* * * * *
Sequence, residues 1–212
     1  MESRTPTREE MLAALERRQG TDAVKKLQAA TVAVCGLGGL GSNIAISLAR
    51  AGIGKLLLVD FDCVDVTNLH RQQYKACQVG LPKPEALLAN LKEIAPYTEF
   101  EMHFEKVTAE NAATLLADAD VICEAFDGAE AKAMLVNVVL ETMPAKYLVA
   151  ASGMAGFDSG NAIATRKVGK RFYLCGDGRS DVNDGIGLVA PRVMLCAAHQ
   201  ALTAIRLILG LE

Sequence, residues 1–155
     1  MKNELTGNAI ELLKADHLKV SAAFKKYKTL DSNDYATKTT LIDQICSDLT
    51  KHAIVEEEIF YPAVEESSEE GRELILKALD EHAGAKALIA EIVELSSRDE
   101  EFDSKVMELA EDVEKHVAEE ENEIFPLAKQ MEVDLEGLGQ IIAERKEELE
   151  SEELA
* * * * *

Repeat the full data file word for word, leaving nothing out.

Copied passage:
Sequence, residues 1–212
     1  MESRTPTREE MLAALERRQG TDAVKKLQAA TVAVCGLGGL GSNIAISLAR
    51  AGIGKLLLVD FDCVDVTNLH RQQYKACQVG LPKPEALLAN LKEIAPYTEF
   101  EMHFEKVTAE NAATLLADAD VICEAFDGAE AKAMLVNVVL ETMPAKYLVA
   151  ASGMAGFDSG NAIATRKVGK RFYLCGDGRS DVNDGIGLVA PRVMLCAAHQ
   201  ALTAIRLILG LE

Sequence, residues 1–155
     1  MKNELTGNAI ELLKADHLKV SAAFKKYKTL DSNDYATKTT LIDQICSDLT
    51  KHAIVEEEIF YPAVEESSEE GRELILKALD EHAGAKALIA EIVELSSRDE
   101  EFDSKVMELA EDVEKHVAEE ENEIFPLAKQ MEVDLEGLGQ IIAERKEELE
   151  SEELA